While divorce can be a painful process for all children, those who experience Attention Deficit Disorder (“ADD”) or Attention Deficit Hyperactivity Disorder (“ADHD”) may have an even more complicated and difficult time adapting to the inevitable change that comes with his or her parents divorcing. According to the National Institute of Mental Health, the disorders are marked by patterns of inattention and impulsivity that can interfere with functioning and/or development.
Joseph Greenwald & Laake, PA Blog - Family Law
There has been a significant increase in the amount of gray divorces, or the divorce of couples after the age of 50, and a new tax law signed at the end of 2017 has the potential to affect them.
I have been a divorce lawyer for more than 30 years. Over that period, I have represented many parents with special needs children. Maryland judges have also appointed me, on well over a hundred occasions, to represent children as a Best Interests Attorney. Many of those children have also had special needs. These cases can be extremely difficult matters to litigate, particularly when the children experience mental health issues, learning disabilities or behavioral difficulties. The symptomology of these often cannot easily be seen, explained or understood.
This may seem like a fairly obscure legal question, but questions along these lines have become fairly common. As divorces between working couples become more prevalent, so do the concerns of not just dividing marital assets, but also funds for retirement and what qualifies as income.
As a general rule, you can contribute to a regular IRA or a Roth IRA, if you have qualifying income. So what counts as qualifying income?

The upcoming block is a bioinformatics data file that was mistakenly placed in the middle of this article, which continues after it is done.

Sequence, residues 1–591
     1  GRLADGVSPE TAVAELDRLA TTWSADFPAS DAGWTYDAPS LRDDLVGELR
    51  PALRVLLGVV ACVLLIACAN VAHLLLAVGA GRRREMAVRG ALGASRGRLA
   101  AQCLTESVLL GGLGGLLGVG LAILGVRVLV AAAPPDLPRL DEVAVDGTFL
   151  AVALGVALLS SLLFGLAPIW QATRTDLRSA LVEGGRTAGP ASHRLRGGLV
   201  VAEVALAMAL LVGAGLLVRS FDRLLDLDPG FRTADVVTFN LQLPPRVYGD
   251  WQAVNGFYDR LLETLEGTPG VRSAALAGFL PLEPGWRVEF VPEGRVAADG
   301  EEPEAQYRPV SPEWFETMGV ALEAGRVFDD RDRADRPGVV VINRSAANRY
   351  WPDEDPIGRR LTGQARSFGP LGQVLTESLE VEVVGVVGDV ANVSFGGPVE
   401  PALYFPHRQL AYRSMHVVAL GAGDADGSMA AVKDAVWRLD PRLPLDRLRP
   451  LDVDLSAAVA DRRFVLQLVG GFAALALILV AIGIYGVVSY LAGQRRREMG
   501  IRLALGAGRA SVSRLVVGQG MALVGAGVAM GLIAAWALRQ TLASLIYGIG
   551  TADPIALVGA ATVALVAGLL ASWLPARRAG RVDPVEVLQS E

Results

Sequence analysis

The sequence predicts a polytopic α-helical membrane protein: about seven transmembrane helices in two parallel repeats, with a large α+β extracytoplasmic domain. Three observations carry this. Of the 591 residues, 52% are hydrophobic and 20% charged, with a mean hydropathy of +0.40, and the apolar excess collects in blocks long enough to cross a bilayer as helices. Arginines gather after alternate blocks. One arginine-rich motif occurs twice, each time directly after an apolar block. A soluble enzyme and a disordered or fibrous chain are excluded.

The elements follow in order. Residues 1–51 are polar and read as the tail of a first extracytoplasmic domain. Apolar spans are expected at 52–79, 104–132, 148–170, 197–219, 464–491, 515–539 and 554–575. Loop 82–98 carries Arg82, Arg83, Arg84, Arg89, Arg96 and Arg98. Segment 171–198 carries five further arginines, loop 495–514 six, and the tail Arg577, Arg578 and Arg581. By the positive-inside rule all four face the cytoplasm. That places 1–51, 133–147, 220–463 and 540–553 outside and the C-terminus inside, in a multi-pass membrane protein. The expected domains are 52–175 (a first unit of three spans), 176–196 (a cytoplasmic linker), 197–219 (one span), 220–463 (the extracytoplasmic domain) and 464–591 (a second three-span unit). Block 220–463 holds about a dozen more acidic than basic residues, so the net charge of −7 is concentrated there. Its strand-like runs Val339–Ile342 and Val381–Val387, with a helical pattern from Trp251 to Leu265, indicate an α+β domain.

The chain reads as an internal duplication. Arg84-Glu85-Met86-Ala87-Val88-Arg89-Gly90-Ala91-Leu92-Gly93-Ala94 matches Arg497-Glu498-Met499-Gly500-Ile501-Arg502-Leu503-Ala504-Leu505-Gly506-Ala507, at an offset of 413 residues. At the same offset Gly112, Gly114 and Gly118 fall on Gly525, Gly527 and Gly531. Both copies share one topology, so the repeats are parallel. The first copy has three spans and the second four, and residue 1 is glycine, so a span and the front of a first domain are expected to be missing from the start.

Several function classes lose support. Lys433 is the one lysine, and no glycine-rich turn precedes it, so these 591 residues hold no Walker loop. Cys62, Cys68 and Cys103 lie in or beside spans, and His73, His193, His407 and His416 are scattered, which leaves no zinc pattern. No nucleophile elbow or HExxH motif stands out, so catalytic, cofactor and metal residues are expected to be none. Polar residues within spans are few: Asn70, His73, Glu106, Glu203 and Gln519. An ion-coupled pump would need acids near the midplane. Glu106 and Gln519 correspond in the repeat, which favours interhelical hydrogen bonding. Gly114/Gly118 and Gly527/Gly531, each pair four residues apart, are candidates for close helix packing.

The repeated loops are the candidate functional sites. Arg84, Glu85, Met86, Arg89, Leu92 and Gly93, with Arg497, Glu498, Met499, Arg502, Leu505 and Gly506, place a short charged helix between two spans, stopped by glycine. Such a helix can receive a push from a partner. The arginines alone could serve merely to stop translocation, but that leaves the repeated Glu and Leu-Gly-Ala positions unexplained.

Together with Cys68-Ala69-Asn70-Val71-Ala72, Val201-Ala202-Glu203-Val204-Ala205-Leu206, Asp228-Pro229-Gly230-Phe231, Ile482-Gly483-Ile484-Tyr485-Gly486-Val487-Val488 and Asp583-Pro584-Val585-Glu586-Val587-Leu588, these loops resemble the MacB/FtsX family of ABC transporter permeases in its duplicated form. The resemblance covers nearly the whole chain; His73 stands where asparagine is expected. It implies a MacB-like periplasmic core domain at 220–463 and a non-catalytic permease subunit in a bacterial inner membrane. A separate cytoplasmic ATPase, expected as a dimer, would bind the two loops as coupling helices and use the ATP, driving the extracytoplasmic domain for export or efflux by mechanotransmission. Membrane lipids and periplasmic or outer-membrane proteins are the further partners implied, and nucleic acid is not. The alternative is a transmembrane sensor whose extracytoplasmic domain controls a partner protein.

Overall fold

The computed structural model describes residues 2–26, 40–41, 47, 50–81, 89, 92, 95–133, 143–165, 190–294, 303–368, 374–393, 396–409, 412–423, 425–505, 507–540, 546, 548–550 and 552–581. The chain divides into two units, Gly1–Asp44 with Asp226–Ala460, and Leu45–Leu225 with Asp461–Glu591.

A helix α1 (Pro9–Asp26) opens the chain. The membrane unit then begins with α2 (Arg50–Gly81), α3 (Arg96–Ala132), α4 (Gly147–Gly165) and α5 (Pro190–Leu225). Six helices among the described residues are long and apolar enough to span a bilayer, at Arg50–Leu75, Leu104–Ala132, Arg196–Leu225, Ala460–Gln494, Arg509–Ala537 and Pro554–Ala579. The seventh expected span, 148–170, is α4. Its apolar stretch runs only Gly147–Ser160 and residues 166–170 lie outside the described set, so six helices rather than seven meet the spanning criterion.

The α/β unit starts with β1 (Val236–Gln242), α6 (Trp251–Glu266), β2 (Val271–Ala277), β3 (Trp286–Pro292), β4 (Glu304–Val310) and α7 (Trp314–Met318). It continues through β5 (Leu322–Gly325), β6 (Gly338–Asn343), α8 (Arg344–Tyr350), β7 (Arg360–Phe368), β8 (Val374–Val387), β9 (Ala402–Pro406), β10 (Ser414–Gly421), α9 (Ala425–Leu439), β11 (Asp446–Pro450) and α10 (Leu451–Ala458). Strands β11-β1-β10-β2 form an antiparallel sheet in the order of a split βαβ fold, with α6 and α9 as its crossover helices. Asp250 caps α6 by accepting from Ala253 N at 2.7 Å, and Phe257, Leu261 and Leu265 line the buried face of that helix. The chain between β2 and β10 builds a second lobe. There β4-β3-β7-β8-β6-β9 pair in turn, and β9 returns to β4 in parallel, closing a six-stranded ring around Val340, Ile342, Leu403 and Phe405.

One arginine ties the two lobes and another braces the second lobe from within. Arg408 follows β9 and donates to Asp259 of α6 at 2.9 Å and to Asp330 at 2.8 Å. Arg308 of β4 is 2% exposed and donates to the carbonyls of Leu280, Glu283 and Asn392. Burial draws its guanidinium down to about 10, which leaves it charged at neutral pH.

There are three categories of qualifying income:
As both a family law practitioner and a parent who has a child with an opioid addiction, I have, for many years now, had a front row seat to the damage that drugs can do to a family. Some years ago, we would encounter opioid addiction in a divorce case only occasionally. However, as the scope of this epidemic has grown in Maryland, so has its prevalence in child custody, divorce and in other family law matters.
On August 7, 2017, the Maryland Court of Appeals, the state’s highest court, handed down a decision that will open a new avenue of defense to battered spouses in the state – in the extreme case where the spouse hires a hit man to kill the abuser.
Suggestion: How to Break the News of Your Divorce to Your Kids: Before, During and After the Discussion
When parents decide to end their marriage, one of their biggest concerns is how their children will cope with the news. Although children may struggle with this new transition, there are several things that parents can do to make it easier to break the news and to help their children get through the divorce process.
Facebook® has been hailed by many as the best online social networking service, enabling its users to connect with each other, and instantly exchange messages, post photos and receive and post status updates, with relative ease. However, in the past few years, numerous studies have been conducted showing a correlation between social media and divorce. Presuming that these studies are accurate, your Facebook page—along with Tumblr®, Twitter®, Instagram®, and countless other social media sites— could be one of the most powerful forms of evidence to be used against you during your divorce case. Indeed, the evidentiary effects of social media have been discussed on the JGL Blog. But note, as your Facebook account can be discovery in litigation, do not delete your Facebook or other social media pages prior to consulting with an attorney! Doing so could result in sanctions for destroying evidence.
You are going to get married (or re-married). You have minor children (or no children). You own a business. You own a house. You have substantial net worth. Since you already own your own house and business before the marriage, as you understand it, in the off-chance it does not work out you will be okay financially. Not exactly?